It’s true that some salarymen wear the boring and cheap clothes, and have poor hygiene. Yet some really out-do themselves in self-presentation. I love the super saturated blues of the Goyard bag and pin stripe-suit, the complementary tones of hair, tan, and shoes. Why is his tongue sticking out slightly in the above photo?
Although he looks adorable as a petulant delinquent wearing flag tennis shoes on a white sofa!
Even the Pope would be jealous if he saw these shoes!
I was impressed with these neon platform shoes, with clashing patterned tights and backpack on the platform of the JR Nakano station. Tokyo fashion inspires me to try harder.
I complain a lot about summer heat, and find myself staying indoors during the day as much as possible. Still, summer fashion and exposed skin is something I’ll miss when the weather turns cool. This image combines my fascination with shoes and calves. Nicely rolled cuffs.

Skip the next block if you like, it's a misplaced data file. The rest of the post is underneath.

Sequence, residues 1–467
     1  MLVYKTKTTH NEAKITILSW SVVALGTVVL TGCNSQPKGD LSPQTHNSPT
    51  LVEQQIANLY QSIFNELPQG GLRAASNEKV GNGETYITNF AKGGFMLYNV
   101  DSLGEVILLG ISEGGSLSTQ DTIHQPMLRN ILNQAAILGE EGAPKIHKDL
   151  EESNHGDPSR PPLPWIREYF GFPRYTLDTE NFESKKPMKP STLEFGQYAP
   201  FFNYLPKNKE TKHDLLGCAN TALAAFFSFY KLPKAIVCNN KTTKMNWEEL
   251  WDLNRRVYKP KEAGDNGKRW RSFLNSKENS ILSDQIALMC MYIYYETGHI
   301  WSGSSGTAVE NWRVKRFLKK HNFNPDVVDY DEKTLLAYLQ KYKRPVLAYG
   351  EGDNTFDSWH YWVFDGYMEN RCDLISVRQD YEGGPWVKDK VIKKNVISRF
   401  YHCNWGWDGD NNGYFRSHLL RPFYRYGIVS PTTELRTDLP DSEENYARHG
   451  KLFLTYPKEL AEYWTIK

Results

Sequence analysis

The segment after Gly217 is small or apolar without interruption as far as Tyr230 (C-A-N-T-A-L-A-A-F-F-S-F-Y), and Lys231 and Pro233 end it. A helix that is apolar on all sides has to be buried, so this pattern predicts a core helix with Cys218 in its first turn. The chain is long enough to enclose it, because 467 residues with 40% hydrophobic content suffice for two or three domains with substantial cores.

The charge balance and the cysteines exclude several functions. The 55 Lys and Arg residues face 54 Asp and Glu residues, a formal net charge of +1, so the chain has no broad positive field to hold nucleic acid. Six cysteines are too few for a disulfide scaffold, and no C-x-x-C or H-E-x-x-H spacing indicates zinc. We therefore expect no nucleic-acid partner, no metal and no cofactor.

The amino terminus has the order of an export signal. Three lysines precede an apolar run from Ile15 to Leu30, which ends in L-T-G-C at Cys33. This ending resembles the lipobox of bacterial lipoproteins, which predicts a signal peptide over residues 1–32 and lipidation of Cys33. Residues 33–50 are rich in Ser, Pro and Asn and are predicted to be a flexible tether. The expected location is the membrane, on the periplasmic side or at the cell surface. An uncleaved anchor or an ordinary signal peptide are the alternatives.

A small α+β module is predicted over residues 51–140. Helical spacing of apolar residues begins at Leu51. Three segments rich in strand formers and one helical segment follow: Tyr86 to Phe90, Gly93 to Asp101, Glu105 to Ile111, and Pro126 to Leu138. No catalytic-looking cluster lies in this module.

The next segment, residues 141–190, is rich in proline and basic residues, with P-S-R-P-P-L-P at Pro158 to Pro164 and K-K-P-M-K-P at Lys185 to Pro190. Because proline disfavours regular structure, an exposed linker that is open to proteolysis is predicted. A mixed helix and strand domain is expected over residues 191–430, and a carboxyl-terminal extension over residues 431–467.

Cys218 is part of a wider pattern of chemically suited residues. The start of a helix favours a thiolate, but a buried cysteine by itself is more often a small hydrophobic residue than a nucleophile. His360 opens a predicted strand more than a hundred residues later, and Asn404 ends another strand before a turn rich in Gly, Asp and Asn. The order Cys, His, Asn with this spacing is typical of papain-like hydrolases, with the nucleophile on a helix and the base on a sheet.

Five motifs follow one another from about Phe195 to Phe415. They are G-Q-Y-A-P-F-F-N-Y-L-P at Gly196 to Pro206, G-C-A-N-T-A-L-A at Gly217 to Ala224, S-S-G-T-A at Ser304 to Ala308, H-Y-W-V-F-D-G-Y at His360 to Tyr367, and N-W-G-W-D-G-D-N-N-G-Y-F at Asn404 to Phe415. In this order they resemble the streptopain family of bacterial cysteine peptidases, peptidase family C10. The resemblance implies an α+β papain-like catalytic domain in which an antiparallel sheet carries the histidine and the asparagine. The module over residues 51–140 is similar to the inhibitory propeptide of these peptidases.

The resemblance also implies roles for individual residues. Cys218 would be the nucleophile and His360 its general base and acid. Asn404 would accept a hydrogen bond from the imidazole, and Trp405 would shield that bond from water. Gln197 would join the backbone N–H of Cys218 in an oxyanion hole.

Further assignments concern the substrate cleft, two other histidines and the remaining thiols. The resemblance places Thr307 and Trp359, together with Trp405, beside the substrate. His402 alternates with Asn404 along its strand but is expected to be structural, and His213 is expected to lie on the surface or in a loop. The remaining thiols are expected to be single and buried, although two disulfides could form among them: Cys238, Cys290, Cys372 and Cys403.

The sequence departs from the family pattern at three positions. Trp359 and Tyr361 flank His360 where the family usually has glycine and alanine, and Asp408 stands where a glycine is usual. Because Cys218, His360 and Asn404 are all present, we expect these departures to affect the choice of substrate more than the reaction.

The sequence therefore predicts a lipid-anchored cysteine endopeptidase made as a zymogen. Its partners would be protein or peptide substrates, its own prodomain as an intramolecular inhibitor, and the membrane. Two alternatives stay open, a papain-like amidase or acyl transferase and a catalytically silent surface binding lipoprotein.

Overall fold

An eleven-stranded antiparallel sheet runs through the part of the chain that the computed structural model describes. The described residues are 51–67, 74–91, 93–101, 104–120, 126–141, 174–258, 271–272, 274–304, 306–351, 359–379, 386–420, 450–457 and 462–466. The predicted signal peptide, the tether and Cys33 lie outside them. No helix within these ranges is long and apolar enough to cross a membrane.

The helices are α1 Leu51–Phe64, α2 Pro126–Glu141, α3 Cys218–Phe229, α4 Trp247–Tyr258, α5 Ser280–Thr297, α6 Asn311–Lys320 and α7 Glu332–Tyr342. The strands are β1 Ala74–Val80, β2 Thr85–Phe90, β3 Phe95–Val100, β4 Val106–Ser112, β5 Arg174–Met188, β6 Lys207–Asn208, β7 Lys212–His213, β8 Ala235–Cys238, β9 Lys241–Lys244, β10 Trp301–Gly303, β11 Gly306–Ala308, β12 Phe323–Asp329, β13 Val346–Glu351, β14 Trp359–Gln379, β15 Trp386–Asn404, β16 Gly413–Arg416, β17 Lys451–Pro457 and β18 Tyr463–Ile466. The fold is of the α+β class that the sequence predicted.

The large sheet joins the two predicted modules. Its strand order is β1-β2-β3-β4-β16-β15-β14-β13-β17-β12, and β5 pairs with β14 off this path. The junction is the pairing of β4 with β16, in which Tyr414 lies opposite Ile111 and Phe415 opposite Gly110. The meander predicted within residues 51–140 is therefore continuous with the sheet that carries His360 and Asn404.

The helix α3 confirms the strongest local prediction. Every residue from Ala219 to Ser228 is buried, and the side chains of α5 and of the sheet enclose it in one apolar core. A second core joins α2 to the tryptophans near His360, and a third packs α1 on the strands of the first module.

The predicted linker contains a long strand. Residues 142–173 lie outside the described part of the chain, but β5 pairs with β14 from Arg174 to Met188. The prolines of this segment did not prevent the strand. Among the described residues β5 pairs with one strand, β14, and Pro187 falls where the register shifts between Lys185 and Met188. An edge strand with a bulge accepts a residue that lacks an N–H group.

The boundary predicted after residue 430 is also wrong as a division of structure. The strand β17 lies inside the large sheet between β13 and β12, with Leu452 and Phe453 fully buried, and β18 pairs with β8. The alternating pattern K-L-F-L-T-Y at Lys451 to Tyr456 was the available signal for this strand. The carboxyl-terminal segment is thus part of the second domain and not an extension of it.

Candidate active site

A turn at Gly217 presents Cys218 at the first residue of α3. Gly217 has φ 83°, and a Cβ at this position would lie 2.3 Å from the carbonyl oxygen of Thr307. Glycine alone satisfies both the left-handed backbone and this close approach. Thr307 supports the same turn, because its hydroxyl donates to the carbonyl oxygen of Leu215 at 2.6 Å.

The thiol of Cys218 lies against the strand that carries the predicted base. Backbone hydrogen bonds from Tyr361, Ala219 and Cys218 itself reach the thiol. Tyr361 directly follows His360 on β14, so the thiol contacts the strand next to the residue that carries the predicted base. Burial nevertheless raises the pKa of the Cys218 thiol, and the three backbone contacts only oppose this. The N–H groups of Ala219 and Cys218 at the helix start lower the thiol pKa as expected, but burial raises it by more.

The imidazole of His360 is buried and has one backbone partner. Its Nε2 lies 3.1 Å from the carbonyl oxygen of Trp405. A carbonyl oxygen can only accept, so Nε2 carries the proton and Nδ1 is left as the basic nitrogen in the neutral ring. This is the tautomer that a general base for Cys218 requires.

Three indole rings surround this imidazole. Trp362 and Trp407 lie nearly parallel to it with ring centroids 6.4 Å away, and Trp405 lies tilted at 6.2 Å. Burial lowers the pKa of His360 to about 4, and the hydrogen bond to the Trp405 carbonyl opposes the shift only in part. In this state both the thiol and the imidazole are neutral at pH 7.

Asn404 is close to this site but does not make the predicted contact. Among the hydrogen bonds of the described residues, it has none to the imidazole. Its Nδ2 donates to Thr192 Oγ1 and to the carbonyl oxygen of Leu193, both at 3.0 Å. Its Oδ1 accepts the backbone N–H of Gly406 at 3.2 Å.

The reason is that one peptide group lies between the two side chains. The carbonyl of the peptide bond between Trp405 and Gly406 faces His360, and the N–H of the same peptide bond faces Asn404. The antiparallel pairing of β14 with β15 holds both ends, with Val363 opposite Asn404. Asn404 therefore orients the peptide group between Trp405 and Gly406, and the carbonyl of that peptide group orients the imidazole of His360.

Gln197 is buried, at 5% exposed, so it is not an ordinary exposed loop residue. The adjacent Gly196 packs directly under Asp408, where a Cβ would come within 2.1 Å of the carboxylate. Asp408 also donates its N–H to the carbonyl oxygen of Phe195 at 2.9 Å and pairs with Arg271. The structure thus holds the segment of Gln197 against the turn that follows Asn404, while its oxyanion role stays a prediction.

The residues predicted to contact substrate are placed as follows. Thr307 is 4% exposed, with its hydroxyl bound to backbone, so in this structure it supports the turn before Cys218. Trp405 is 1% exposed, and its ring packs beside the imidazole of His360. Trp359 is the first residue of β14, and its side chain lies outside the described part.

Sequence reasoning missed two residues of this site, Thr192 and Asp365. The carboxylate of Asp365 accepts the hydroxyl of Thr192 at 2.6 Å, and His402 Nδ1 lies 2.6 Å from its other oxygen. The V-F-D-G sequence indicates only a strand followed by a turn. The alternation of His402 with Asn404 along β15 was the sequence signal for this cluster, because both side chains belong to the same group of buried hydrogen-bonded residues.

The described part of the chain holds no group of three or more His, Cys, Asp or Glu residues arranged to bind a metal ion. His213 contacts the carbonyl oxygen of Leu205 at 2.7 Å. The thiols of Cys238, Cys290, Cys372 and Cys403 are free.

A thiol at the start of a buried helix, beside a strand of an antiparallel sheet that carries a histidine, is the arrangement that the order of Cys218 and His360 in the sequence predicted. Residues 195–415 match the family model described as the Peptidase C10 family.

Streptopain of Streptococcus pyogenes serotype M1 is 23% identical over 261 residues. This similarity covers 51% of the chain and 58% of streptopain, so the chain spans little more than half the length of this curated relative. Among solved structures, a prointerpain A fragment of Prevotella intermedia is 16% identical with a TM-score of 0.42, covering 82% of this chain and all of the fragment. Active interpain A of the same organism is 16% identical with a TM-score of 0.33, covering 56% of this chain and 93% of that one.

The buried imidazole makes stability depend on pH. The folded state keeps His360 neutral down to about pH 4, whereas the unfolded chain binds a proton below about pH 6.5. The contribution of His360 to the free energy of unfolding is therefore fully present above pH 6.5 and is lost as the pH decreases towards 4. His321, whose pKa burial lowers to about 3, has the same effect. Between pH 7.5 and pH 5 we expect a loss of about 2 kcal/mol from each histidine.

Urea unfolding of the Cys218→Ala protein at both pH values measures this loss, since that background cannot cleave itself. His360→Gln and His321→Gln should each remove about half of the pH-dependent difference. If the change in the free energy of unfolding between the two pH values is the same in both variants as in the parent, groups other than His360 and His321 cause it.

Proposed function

It’s easy to make hideous mistakes when you are learning Japanese. Switch a vowel or add an extra syllable and you’re innocent remark has quickly turned unseemly. Here’s two examples.
A few months back, my sister-in-law, who loves shoes, was visiting. The expression on her face made it clear that what I thought was a complement had come out terribly wrong.
「けつはきれいです」 Ketsu wa kirei desu.
What I meant to say was, “I like your shoes.” 「靴はきれいです」Kutsu wa kirei desu. Unfortunately, ketsu means “ass.”
Another time, finishing ceramics class, I cheerfully told my father-in-law, 「お触りました」Osawarimashita.
What I meant to say was, “I am done.” 「終わりました」Owarimashita. Both in-laws and my husband stared at me, and I realized I did it again. Fortunately, father-in-law has a sense of humor, and demonstrated “osawarimashita” (“touch” or “grope,” made strangely formal by the addition of “o”) by pinching my ass.
As I stumble my way learning Japanese, I am fortunate to have such a welcoming (and forgiving) family.